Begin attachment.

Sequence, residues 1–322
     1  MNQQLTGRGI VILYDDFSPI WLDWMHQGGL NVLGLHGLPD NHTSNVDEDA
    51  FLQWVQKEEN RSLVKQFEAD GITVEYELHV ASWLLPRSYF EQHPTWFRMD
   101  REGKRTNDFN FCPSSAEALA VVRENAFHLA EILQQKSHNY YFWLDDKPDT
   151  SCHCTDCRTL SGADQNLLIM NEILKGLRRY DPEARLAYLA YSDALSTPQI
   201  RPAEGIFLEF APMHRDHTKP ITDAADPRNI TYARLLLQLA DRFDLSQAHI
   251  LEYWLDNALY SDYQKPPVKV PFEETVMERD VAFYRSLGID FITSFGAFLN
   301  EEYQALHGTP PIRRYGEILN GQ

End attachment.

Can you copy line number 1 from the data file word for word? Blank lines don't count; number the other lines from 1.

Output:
Sequence, residues 1–322